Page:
Response to: Kniepeiss D et al. (2008) Cystatin C has prognostic value after liver transplantation. Nat Clin Pract Nephrol [doi:10.1038/ncpneph0765]

Original article: Pham P-TT et al. (2007) Renal function outcomes following liver transplantation and combined liver–kidney transplantation. Nat Clin Pract Nephrol 3: 507–514 doi:10.1038/ncpneph0574

We thank Kniepeiss et al. for their letter regarding the use of cystatin C versus serum creatinine and creatinine clearance as measures of renal function in orthotopic liver transplantation (OLT) and as predictors of post-OLT renal function. Evidence that cystatin C provides a more accurate estimation of glomerular filtration rate in pediatric and adult liver transplant recipients, compared with serum creatinine or creatinine-based formulas, is accumulating.1,2,3,4

In a study involving 90 patients undergoing OLT, Kniepeiss et al. showed that all of those with pre-OLT cystatin C values in the physiological range had stable post-OLT renal function, whereas patients with pre-OLT pathological cystatin C concentrations developed kidney dysfunction after transplantation. To determine the power of pre-OLT cystatin C level, creatinine clearance and serum creatinine concentration to predict the incidence of post-OLT renal failure, Kniepeiss et al. performed a stepwise binary logistic regression analysis. This analysis clearly showed that cystatin C concentration had prognostic significance (P < 0.05) at any timepoint, whereas serum creatinine level and creatinine clearance did not. The odds ratios for serum creatinine, creatinine clearance and cystatin C were 4.52, 1.07 and 60,011,090, respectively. The authors concluded that cystatin C “has high prognostic value for detection of early stage kidney dysfunction after liver transplantation” and suggested that “cystatin C could be another helpful marker for the screening and monitoring of patients before and after liver transplantation.”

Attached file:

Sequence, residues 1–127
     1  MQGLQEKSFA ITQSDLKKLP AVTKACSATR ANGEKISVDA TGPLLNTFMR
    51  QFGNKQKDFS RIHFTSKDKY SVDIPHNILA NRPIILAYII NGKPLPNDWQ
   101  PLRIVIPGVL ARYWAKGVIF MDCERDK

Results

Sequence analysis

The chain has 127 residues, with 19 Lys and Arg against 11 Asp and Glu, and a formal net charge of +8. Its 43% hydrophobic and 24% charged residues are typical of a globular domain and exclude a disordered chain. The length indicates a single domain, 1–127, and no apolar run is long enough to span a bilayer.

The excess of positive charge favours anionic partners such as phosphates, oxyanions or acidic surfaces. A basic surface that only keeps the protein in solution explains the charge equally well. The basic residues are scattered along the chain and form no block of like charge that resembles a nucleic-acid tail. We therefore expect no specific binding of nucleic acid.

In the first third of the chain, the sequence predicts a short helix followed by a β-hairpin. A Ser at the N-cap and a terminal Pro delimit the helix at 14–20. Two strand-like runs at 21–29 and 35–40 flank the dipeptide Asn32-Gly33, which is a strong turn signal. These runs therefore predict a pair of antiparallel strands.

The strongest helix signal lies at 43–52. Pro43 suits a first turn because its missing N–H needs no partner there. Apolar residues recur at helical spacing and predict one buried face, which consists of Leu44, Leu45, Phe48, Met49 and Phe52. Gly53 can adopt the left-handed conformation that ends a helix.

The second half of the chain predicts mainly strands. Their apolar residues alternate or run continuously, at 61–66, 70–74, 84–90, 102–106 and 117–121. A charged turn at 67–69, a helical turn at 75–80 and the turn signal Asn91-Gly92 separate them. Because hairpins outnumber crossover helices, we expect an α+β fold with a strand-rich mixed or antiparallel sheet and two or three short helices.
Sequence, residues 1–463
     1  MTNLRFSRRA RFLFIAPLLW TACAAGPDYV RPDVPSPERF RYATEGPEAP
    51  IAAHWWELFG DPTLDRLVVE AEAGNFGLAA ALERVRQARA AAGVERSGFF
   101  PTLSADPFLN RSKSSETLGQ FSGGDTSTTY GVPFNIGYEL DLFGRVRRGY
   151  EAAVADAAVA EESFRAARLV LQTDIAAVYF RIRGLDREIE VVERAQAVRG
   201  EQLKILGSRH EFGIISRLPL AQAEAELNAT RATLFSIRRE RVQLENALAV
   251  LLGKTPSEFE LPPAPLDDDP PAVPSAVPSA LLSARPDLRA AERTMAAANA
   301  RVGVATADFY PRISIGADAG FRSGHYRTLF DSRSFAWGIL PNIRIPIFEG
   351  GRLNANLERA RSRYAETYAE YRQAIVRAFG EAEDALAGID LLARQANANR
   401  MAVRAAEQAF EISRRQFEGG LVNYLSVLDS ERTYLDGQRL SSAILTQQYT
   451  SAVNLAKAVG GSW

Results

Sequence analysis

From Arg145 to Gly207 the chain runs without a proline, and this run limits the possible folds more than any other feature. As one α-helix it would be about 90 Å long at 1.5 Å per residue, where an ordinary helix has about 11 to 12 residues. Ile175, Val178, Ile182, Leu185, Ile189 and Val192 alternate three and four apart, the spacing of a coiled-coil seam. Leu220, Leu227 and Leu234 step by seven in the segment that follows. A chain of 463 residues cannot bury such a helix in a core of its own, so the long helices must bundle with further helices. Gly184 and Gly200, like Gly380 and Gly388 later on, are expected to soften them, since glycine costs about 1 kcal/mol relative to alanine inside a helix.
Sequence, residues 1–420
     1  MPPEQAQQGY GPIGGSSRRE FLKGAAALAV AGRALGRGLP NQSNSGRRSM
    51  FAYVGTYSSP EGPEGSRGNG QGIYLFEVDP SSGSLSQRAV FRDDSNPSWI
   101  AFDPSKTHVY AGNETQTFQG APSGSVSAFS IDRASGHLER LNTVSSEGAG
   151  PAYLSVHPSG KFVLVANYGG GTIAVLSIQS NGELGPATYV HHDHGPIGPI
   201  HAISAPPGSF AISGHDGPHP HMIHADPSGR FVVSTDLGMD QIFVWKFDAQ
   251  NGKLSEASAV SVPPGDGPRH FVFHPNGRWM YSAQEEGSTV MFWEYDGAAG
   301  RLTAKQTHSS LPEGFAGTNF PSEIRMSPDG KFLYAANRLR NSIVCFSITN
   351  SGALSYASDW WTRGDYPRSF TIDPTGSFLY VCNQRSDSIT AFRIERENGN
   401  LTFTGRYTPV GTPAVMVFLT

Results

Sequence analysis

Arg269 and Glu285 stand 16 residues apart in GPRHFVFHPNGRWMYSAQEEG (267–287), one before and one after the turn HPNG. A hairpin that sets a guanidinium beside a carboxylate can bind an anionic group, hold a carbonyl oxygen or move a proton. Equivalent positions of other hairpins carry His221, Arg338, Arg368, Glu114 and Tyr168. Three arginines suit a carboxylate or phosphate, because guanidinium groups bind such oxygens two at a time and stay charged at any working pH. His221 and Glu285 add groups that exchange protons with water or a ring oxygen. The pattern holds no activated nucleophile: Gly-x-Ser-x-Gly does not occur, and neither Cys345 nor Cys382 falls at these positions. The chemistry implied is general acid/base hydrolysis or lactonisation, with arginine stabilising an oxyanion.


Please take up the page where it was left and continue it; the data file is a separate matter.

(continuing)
Kniepeiss et al. provided important data that could eventually be clinically beneficial. We are concerned, however, that their conclusion might be too generalized. Kniepeiss et al. neglected to include their reference ranges for cystatin C (physiological and pathological), definition and etiology of kidney dysfunction, and duration of follow-up. Discrepancies between currently available studies of potential predictive factors for renal dysfunction following successful OLT might result, at least in part, from different definitions of renal dysfunction, etiologies of renal disease and duration of follow-up. Furthermore, rather than reporting the risk-factor profile for renal dysfunction pre-OLT and post OLT, Kniepeiss et al. loosely documented the risk-factor profile as “usual”. Documentation of a detailed risk-factor profile would have been invaluable in assessing the independent effect of cystatin C on renal function outcomes after OLT.

Nevertheless, the data of Kniepeiss et al. are in accordance with the findings of other investigators that cystatin C might be a better surrogate marker for glomerular filtration rate than serum creatinine or creatinine clearance, particularly in cirrhotic patients and recipients of liver grafts.1,2,3,4 We concur with Kniepeiss et al. that measurement of cystatin C level could be a useful tool for the screening and monitoring of patients prior to and after OLT. Several problems must be solved, however, before cystatin C can be recommended for routine use in clinical settings. These include the availability of standardized assays for cystatin C, the optimal cystatin C cutoff value for specific patient populations including cirrhotics, recipients of solid organ transplants, children and the elderly, and the relatively high cost of measuring cystatin C compared with that of determining serum creatinine level.